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Non-cyclical stock sectors (e.g., consumer staples, health care, utilities, etc.) often do well when there are concerns about economic growth. Indeed, exchange-traded funds representing one or more components of the non-cyclical arena have been the key drivers in the broader U.S. market’s run toward all-time records.

Nevertheless, it is still a bit surprising that the potential for a banking collapse in Cyprus has had little to no effect on 3 ETF categories. In fact, over the last 5 trading days, scores of the funds in select groupings have actually gained ground.

1. Minimum Volatility ETFs. By definition, businesses that are less tethered to economic cycles are also less volatile. It follows that you’re going to see a whole lot of consumer defensive stocks, pharmaceuticals, utilities, traditional telecom and broader-based health care names in a Minimum Volatility ETF. That said, even if one expected to see “Domestic Low Vol” on the 3/22 52-Week High list, one might be shocked to see “All-World Low Vol” and “International Low Vol” as well.

Low Volatility ETFs Dismiss Cyprus Concerns
5-Day % 3/22 52-Week High
iShares MSCI Min Volatility (NYSEARCA:USMV) 1.2% Yes
iShares MSCI EAFE Min Volatility (NYSEARCA:EFAV) 1.1% Yes
iShares MSCI All Country Min Volatility (NYSEARCA:ACWV) 0.9% Yes
PowerShares S&P Low Volatility (NYSEARCA:SPLV) 0.4% Yes

2. Multi-Asset Income ETFs. The artificial manipulation of interest rates by central banks around the world forces no-risk savers to become modest-risk investors; the 1% return from a 1-year CD or the 2% from a 10-year Treasury simply doesn’t cut it… especially if one is drawing 4% annually from his/her account.

Enter a diversified arena of multi-asset income funds. Yield production between 3%-8% on a wide variety of holdings can mean as much as 5.5% in annualized income for shareholders. The potential for capital appreciation is also an attraction for a fund classification that has hit a fresh 52-week peak.

Of course, there’s also the possibility that a down year for a collection of risk assets — master limited partnerships, dividend stocks, real estate investment trusts, preferred shares — would entirely erode the income produced. Granted, some REITs and MLPs depend on economic growth more than others. Yet, safety and income at a reasonable price is still the major thrust for this category.

Multi-Asset Income Is Catching A Wave
5 Day % 3/22 52-Week High
First Trust Multi-Asset Divers Income (NASDAQ:MDIV) 0.4% Yes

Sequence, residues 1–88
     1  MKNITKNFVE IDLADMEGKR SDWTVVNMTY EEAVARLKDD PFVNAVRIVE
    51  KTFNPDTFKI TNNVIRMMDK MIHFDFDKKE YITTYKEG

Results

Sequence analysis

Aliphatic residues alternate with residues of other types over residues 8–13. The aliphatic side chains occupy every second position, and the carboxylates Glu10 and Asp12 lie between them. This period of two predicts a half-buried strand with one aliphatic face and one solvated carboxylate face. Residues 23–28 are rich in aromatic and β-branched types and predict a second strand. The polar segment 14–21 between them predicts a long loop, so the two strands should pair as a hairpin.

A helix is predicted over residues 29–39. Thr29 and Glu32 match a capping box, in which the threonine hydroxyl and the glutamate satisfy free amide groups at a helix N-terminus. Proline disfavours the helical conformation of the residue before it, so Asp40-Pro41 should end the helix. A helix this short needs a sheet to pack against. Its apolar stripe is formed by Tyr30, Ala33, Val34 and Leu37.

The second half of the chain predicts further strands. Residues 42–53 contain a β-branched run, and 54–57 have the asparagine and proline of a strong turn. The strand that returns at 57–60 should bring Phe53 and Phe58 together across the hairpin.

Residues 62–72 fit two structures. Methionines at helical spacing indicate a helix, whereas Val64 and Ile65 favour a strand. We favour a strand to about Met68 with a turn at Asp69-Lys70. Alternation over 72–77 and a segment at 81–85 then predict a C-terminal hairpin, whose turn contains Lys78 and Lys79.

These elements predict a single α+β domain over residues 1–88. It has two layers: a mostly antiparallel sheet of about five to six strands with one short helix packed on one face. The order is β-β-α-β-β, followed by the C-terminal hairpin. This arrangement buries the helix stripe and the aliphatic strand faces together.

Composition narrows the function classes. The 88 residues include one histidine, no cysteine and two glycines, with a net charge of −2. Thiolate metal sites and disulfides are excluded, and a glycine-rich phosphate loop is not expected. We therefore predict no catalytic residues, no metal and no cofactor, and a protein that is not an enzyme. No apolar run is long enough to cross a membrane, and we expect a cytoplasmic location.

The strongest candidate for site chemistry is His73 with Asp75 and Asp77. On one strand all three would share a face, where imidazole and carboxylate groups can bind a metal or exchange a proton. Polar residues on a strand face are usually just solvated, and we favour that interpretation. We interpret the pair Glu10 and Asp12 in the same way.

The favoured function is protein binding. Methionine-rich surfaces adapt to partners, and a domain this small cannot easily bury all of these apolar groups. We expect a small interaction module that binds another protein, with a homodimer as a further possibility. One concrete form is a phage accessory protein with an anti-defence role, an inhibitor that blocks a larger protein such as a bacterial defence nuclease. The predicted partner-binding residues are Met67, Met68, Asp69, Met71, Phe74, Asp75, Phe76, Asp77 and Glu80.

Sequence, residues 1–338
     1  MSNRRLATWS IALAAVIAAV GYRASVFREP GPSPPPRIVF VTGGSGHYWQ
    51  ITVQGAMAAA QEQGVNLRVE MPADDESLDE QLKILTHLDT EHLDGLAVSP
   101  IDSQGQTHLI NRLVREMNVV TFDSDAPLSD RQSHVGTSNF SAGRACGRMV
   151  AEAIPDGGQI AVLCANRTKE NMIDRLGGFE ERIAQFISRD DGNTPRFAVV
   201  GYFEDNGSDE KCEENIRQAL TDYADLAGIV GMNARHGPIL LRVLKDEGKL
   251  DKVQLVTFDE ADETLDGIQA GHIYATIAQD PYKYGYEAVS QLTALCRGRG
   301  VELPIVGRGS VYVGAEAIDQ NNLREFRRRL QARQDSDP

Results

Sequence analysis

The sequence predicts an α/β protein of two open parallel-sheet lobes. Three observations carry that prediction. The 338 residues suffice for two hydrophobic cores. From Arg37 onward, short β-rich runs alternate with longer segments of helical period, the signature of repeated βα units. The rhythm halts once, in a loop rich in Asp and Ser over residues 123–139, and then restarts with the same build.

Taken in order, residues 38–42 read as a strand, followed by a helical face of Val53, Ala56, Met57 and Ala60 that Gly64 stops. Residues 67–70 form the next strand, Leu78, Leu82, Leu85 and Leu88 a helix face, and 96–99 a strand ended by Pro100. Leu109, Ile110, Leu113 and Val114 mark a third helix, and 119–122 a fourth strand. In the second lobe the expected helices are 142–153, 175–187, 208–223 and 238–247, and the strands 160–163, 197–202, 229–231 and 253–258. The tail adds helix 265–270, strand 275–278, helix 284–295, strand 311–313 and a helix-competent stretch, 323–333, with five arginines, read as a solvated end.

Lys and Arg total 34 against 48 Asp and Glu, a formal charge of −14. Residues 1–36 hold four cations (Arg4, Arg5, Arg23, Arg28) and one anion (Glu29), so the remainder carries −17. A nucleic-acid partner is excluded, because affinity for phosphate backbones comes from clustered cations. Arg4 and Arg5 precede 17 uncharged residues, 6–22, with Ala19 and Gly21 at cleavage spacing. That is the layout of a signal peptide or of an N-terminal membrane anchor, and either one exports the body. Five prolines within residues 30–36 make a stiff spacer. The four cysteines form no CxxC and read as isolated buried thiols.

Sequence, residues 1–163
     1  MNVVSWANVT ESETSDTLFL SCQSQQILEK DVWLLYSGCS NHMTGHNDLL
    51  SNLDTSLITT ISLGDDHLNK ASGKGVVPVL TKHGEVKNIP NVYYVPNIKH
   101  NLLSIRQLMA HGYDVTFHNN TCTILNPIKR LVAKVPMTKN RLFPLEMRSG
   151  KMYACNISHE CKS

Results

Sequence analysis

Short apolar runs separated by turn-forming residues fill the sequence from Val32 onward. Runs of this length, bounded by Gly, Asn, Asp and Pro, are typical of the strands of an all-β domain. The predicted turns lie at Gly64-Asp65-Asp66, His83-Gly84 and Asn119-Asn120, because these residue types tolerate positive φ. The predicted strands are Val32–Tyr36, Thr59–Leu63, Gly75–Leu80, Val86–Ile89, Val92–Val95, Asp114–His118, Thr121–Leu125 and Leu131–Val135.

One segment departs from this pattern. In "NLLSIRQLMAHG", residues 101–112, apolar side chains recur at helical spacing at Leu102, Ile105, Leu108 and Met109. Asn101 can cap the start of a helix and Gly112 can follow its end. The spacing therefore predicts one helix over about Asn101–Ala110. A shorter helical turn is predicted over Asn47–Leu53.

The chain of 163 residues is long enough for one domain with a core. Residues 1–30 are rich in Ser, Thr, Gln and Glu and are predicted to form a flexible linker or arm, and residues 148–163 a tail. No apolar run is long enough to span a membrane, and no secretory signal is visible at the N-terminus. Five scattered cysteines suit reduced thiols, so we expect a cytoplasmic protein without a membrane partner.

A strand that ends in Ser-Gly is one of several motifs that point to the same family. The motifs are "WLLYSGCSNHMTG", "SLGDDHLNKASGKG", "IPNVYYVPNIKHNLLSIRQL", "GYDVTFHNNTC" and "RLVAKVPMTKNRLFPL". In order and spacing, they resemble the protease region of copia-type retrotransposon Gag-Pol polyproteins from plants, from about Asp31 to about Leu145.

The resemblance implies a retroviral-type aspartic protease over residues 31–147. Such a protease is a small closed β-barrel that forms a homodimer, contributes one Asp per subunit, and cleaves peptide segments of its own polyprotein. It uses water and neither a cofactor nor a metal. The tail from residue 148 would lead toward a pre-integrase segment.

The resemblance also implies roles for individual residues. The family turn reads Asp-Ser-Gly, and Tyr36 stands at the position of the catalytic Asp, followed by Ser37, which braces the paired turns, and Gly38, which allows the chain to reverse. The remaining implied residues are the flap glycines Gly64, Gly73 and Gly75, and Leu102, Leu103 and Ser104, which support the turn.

Guggenheim Multi-Asset Income (NYSEARCA:CVY) 0.1% Yes
SPDR S&P 500 Trust (NYSEARCA:SPY) -0.2% No

3. Global Non-Cyclical ETFs. It’s one thing to realize that a major reason for owning U.S. non-cyclical stocks is the undesirability of bond alternatives. It’s another thing to recognize that, in spite of well-publicized systemic threats in Europe, international consumer staples and international utilities and international health care are performing admirably.

The best way to tap the trend? Go global. Global ETFs tend to have 50% in U.S. equities and 50% in large-cap, foreign developed equities. Each has managed to close out the third week of March at a new 52-week pinnacle.

Going Global Has Its Rewards
5 Day % 3/22 52-Week High
iShares S&P Global Utilities (NYSEARCA:JXI) 1.2% Yes
iShares S&P Global Consumer Staples (NYSEARCA:KXI) 1.1% Yes
iShares S&P Global Health Care (NYSEARCA:IXJ) 0.8% Yes
iShares Global 100 (NYSEARCA:IOO) -0.4% No

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Disclosure: Gary Gordon, MS, CFP is the president of Pacific Park Financial, Inc., a Registered Investment Adviser with the SEC. Gary Gordon, Pacific Park Financial, Inc, and/or its clients may hold positions in the ETFs, mutual funds, and/or any investment asset mentioned above. The commentary does not constitute individualized investment advice. The opinions offered herein are not personalized recommendations to buy, sell or hold securities. At times, issuers of exchange-traded products compensate Pacific Park Financial, Inc. or its subsidiaries for advertising at the ETF Expert web site. ETF Expert content is created independently of any advertising relationships.

Source: 3 ETF Categories With Little Reaction To Europe's Latest Struggles